Featured: Classic Cars Were Born To Be Driven Fast, Just Ask Porsche’s Factory Driver

Classic Cars Were Born To Be Driven Fast, Just Ask Porsche’s Factory Driver

By Benjamin Shahrabani
October 21, 2015

Photos courtesy of Porsche and Andrew Schneider

Patrick Long is a man who drives fast. Sitting in the cockpit of cutting edge machines from Stuttgart as a factory Porsche driver has afforded him this privilege, and they’ve helped spirit him to victory at Le Mans, Sebring, Daytona, and many other legendary tracks. But what makes Patrick most interesting is his deep affinity for the classics, most specifically: his love for driving them fast. I sat down with him to find out how and why one drives a valuable classic at speed.

Benjamin Shahrabani: Can one really drive a classic car fast? Wouldn’t it “beat up” on the car?

Patrick Long: Sure, you can drive a classic car fast, but the variable is always what era the car is from, and whether it’s a performance car or a commuter car—a cruiser. Every classic car has to be treated with a bit more respect and mechanical sympathy, but if the car is built for performance, well-prepared, and maintained, then why not?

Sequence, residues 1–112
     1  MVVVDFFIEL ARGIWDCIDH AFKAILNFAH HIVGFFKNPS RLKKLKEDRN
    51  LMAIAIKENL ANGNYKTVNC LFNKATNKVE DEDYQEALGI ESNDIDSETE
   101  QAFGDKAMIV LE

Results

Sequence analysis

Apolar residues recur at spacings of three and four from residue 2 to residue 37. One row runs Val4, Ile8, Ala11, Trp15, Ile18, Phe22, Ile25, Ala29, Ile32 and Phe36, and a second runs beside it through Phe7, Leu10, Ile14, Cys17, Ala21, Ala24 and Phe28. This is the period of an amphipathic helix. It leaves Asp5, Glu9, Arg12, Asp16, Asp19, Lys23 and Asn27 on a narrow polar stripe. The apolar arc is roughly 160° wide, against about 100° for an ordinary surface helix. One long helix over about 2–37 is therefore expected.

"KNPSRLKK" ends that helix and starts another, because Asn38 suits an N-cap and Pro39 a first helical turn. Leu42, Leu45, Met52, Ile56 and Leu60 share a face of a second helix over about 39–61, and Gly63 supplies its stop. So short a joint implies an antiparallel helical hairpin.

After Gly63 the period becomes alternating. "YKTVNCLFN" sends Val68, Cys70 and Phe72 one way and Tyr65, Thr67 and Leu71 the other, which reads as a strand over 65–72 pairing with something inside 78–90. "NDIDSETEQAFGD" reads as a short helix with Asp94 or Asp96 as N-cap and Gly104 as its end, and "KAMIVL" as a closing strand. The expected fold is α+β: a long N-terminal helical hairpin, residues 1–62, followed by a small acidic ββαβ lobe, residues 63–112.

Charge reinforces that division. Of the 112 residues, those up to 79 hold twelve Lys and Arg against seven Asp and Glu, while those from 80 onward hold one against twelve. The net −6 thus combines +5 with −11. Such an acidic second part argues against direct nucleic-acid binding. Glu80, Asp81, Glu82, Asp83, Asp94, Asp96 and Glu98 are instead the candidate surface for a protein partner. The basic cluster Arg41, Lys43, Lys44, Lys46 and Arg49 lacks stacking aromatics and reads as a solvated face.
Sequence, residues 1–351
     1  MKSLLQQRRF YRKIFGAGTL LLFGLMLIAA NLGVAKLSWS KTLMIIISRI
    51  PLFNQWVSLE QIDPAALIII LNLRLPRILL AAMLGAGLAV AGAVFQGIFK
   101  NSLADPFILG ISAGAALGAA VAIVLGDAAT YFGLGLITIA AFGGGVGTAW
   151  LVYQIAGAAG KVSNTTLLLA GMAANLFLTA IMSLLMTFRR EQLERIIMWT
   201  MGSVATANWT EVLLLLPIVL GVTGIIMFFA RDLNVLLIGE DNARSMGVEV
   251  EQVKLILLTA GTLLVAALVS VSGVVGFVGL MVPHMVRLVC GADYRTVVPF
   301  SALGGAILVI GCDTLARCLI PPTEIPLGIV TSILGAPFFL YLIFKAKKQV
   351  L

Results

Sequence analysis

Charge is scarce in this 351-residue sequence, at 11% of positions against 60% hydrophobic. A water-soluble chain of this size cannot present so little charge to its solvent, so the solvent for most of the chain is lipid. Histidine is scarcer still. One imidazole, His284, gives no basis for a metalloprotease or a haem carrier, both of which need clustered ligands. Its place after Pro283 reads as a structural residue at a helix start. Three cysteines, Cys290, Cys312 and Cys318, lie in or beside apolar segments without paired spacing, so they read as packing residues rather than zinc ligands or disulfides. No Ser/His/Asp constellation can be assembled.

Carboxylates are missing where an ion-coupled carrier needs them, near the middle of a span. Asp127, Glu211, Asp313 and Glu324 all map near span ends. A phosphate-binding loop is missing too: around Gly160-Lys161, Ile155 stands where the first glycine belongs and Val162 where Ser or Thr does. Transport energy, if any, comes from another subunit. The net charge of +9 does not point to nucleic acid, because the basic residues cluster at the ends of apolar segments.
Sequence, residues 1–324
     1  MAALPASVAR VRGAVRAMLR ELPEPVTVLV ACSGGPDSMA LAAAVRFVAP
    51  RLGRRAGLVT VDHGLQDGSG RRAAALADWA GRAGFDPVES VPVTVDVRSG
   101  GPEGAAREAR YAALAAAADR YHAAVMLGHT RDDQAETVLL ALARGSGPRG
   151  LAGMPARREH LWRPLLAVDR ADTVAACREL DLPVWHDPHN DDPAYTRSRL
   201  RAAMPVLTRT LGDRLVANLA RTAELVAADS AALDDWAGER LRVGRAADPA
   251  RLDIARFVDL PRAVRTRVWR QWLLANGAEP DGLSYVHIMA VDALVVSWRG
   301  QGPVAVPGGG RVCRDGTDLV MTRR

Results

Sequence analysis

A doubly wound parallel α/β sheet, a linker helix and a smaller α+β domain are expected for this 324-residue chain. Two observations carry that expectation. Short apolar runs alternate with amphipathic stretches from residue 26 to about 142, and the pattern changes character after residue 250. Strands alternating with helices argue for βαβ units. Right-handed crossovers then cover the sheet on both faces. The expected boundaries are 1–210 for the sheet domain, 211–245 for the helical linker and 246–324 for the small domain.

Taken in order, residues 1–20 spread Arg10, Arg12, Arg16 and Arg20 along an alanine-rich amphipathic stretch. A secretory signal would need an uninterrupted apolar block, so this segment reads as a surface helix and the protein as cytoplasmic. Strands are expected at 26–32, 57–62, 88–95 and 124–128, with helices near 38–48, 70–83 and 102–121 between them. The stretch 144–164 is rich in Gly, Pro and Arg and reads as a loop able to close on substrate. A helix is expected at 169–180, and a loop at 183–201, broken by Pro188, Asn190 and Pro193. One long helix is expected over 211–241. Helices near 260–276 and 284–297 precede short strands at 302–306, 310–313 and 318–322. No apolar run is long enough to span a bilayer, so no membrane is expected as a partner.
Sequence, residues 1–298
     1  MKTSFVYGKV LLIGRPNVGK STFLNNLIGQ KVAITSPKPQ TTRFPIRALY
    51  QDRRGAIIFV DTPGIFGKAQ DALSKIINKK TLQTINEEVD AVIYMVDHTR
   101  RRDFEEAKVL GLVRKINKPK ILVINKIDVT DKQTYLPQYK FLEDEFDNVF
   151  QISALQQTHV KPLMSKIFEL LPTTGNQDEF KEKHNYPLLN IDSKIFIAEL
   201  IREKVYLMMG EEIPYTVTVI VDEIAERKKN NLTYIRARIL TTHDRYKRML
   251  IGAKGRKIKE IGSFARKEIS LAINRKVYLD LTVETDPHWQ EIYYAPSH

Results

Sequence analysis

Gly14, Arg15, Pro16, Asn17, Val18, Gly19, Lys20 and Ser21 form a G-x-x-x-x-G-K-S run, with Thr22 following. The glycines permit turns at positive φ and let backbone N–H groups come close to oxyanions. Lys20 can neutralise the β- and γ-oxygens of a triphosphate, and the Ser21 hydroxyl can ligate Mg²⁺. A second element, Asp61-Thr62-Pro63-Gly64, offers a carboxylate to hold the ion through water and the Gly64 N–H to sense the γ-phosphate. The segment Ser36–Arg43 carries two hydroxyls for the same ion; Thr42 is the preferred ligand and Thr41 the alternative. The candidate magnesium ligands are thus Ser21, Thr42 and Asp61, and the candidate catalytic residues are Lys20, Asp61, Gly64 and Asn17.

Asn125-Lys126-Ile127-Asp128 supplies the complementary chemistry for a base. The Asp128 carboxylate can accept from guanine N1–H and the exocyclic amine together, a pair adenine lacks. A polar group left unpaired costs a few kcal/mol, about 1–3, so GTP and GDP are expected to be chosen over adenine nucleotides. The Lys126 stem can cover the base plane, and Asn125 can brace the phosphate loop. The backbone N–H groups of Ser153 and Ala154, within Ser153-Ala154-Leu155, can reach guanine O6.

Benjamin Shahrabani: What is special about driving an old car to you?

Patrick Long: I love driving vintage cars. Porsches, because the emotion and sensation of speed is higher, plus the interaction and amount of driver input are more of a challenge. More old-school and analog. It’s a very captivating experience…for all the reasons I fell in love with driving in the first place. I just feel the senses are more alert when I crank up a ’70s 911.

Modern day cars require lots of input and interaction, but more on a software basis rather than good old-fashioned heel-and-toe, double-clutch, oversteer, and opposite lock. Big steering wheels, small tires, cranky carbs and tricky gearboxes mean I am never bored behind the wheel. Running through a canyon on 6-inch Fuchs with only torsion bars is a riot. Speed isn’t the main factor to have fun, because your mind is convinced you are hauling ass right at the speed limit.

I get pleasure out of keeping the carbs clean, and keeping the RPM in the power band. Combined, it’s one of those challenges that really helps you to find the mental escape in driving vintage cars.

Benjamin Shahrabani: Does one need to upgrade the car in someway? What are some of your thoughts on modifying a vintage car to make it more usable?

Patrick Long: It depends on what type of car and era we’re talking about. In general, the real emphasis in the cars that I own and others’ cars that I get to race in vintage series is strong maintenance and life-ing of parts. When you get vintage cars, you end up with lots of parts that are aged, have sat, are high mileage.